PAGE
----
One of the concessions Chen made to his demanding schedule was initially to minimize, in terms relative only to himself, the number of quads he would do in competition. The man who had been credited with a historic six quads in the 2018 Olympic and world championship free skates, landing five cleanly each time, is satisfied with trying four in Sunday’s free skate.

(A change in the scoring system this season also made it less worthwhile to risk as many quads, on which failures now are penalized more severely.)

Chen did two quads, as usual, in Saturday’s short program to a version of the jazz classic, “Caravan.” His quad flip and quad toe, triple toe combination both came off magnificently, the latter earning eight maximum (+5) Grades of Execution and one +4. Once the jumps were out of the way, he began playing to the crowd.

The judges, clearly carried away by his enthusiasm and the crowd’s appreciation, went over the top with their marks, giving him 16 perfect component scores (10.0). Such largesse is common at national championships around the world, with judges feeling gigantic scores will eventually sway the minds of those who evaluate the skaters at ensuing world championships and Olympics.

Or maybe they were just giving Chen extra credit for making the grade so far in both the rink and at one of the world’s leading universities.

MORE: Jason Brown planning quad in Sunday’s free skate

As a reminder, you can watch the U.S. Championships live and on-demand with the ‘Figure Skating Pass’ on NBC Sports Gold. Go to NBCsports.com/gold/figure-skating to sign up for access to every ISU Grand Prix and championship event, as well as domestic U.S. Figure Skating events throughout the season. NBC Sports Gold gives subscribers an unprecedented level of access on more platforms and devices than ever before.

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Sweden weighs 2030 Winter Olympic bid after IOC meeting

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Sweden’s Olympic leaders are weighing up whether to bid for the Winter Games in 2030.

The Nordic country’s potential entry into the race to stage the 2030 Games comes at a time when the International Olympic Committee has delayed the process and is searching around for more contenders to host the event.

Sapporo, Japan, was considered the favorite before an ongoing bid-rigging scandal related to the Summer Olympics in Tokyo held in 2021. Salt Lake City is the only other known bidder that might consider taking 2030, though officials have said they favor a bid for 2034.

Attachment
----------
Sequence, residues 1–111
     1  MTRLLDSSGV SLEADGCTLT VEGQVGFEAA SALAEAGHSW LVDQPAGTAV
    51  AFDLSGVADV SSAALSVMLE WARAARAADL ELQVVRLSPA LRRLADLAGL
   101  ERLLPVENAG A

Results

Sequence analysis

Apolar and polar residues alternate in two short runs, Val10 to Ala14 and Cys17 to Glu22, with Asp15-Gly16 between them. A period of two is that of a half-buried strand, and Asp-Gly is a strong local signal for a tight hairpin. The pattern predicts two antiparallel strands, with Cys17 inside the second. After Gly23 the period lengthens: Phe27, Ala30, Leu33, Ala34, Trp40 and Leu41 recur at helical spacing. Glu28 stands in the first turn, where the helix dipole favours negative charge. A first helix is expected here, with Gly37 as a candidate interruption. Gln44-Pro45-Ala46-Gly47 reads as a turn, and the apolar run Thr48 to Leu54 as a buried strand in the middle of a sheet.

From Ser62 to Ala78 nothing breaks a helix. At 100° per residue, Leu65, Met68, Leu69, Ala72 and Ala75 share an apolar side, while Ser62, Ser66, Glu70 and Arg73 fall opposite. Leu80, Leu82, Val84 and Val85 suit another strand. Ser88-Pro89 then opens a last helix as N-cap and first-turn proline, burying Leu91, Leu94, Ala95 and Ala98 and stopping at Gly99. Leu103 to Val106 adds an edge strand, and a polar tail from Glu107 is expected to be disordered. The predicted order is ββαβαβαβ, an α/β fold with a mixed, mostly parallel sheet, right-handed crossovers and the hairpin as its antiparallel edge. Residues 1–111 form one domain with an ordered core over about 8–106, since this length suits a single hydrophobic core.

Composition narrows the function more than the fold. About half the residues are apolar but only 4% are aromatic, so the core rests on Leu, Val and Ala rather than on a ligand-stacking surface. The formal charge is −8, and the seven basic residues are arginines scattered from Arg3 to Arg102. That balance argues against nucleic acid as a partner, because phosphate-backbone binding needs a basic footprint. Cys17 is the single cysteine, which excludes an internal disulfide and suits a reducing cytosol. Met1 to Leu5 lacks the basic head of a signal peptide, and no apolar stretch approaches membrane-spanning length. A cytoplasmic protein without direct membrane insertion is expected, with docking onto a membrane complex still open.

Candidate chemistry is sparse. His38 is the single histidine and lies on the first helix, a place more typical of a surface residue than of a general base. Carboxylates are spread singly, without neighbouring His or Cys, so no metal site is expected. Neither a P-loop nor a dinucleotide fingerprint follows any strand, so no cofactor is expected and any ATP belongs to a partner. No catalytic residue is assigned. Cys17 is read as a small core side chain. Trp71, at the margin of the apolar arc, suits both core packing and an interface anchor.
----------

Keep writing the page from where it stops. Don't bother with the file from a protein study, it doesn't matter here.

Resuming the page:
A joint Stockholm-Are bid from Sweden lost out to another shared bid, from Milan and Cortina d’Ampezzo in Italy, to stage the Winter Games in 2026 amid a lack of clear public support in Sweden and some government upheaval at local and national level in the run-up to the vote.

There was reportedly discontent in Stockholm over how the Swedish bid was treated in the contest for the 2026 Games.

The Swedish Olympic and Paralympic Committees and the Swedish Sports Confederation will start a feasibility study for 2030, they said Wednesday. A report from the study will be presented on April 20.

“These are new times now and the feasibility study will show how the Olympics and Paralympics can be shaped based on Sweden’s conditions,” said Anders Larsson, acting chairman of the Swedish Olympic Committee. “We already have virtually all the arenas required to arrange the largest Winter Games.”

The committee’s secretary general, Åsa Edlund Jönsson, said the 2030 Games “could be a campfire to rally Sweden around.”

“The idea is to review the concept that existed for the candidacy in 2026, which would mean competitions in several places in Sweden,” Jönsson said, specifically referencing Stockholm and the regions of Dalarna and Jämtland. “Here we feel confident that there is great experience in arranging world-class winter championships in the Swedish sports movement.”

The Stockholm-Are bid for 2026 even included plans to stage ice-sliding sports across the Baltic Sea at a venue in Latvia to avoid building a white elephant venue in Sweden — a key demand of IOC reforms to cut Olympic hosting costs.

The idea of Sweden potentially joining the 2030 race came up at a meeting in Lausanne in January.

“We have had a meeting with the IOC that was about, without obligation from any quarter, looking at the Games in 2030,” Larsson said. “During that meeting, it was clear that the IOC liked our concept for 2026. What the feasibility study will provide answers to is whether we are ready to move forward in the process.”